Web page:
The most important factor is our observation or reasonable forecast of dangerous driving conditions.
The district is focused on ensuring students receive as much in-classroom opportunity as possible. Prior to delaying or canceling a day of educational services, the transportation team considers many factors and consults with many resources. The team works to make the best judgment call for our part of El Paso County. Two-hour delays are helpful when there's a foreseeable change, such as rapidly warming conditions. When a two-hour delay is deemed most appropriate, everything is postponed two hours, unless parents are specifically notified about an activity by their school. As always, parents are asked to keep in contact with their school's administration for updates on programs, such as the rescheduling of activities.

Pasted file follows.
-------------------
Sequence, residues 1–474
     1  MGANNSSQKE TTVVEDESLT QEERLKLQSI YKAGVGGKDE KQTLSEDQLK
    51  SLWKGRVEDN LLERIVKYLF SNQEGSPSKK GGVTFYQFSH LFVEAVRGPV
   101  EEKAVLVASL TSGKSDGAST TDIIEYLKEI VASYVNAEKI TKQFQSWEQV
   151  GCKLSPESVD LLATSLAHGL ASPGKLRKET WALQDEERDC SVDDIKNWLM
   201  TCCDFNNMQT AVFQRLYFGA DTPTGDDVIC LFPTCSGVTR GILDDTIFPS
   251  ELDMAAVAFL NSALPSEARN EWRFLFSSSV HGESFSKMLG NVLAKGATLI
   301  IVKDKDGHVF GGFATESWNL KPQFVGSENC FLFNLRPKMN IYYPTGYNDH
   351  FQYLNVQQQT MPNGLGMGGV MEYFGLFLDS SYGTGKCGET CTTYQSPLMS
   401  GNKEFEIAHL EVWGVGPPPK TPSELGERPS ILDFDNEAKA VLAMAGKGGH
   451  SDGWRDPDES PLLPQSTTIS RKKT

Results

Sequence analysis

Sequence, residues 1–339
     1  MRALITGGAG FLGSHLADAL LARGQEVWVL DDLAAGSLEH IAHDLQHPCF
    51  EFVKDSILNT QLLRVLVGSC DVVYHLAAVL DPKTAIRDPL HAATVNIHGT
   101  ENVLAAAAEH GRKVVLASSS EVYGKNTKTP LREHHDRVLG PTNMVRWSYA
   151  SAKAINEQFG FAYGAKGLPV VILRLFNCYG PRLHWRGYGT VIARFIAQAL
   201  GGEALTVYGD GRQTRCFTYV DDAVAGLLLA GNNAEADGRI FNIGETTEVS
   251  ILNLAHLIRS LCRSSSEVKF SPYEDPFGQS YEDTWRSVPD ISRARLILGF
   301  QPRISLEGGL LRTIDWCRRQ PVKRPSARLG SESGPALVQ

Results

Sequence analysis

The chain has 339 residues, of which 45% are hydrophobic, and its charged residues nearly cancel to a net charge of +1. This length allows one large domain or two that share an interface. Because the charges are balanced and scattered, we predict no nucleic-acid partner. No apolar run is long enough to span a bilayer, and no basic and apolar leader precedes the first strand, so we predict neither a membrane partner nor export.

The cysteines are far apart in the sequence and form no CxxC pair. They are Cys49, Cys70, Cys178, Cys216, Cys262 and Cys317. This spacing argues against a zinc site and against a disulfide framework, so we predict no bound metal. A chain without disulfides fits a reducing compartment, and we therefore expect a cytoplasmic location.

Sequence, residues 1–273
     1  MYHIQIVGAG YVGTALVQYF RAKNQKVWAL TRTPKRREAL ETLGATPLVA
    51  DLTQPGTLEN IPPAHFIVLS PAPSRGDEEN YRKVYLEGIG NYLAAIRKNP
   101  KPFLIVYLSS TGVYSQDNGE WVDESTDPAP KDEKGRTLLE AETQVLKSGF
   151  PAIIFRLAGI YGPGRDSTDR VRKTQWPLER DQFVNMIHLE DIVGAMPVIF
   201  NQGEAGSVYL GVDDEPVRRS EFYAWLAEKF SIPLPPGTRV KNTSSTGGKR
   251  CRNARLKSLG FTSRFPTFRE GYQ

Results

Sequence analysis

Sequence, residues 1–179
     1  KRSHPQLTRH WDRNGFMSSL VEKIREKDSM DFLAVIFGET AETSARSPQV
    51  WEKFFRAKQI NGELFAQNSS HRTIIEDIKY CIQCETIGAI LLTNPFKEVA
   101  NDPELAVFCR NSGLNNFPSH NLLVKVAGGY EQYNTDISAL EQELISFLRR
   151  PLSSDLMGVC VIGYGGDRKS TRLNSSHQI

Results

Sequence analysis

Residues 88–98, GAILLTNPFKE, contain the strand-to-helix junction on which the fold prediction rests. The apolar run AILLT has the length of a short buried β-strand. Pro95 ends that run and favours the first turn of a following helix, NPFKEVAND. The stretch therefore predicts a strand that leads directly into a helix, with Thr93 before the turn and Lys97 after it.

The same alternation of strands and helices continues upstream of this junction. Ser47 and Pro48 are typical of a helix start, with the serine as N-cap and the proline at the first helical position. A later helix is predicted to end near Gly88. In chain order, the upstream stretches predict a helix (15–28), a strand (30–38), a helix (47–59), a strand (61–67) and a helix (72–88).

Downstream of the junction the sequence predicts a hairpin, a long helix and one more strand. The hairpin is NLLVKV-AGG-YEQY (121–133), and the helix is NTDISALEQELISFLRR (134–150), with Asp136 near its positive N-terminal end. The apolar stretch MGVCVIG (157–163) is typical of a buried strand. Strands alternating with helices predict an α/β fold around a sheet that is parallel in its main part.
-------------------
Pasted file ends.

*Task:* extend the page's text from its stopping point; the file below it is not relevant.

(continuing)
Closing by zone is logistically challenging and many of our students and stakeholders travel between zones.
There are several issues that make closing by zone difficult. For one, the district provides a portfolio of schools across its four zones to ensure every student finds great opportunities. With choice enrollments, a student may live in one zone but attend a school in another zone. What's more, the district operates a centralized dispatch center and bus depot, which means drivers and support personnel must travel between zones.
When a two-hour delay is announced, full-day kindergarten is delayed similar to first-12th grades.
Your bus stop time is exactly two hours later than your regular bus stop time.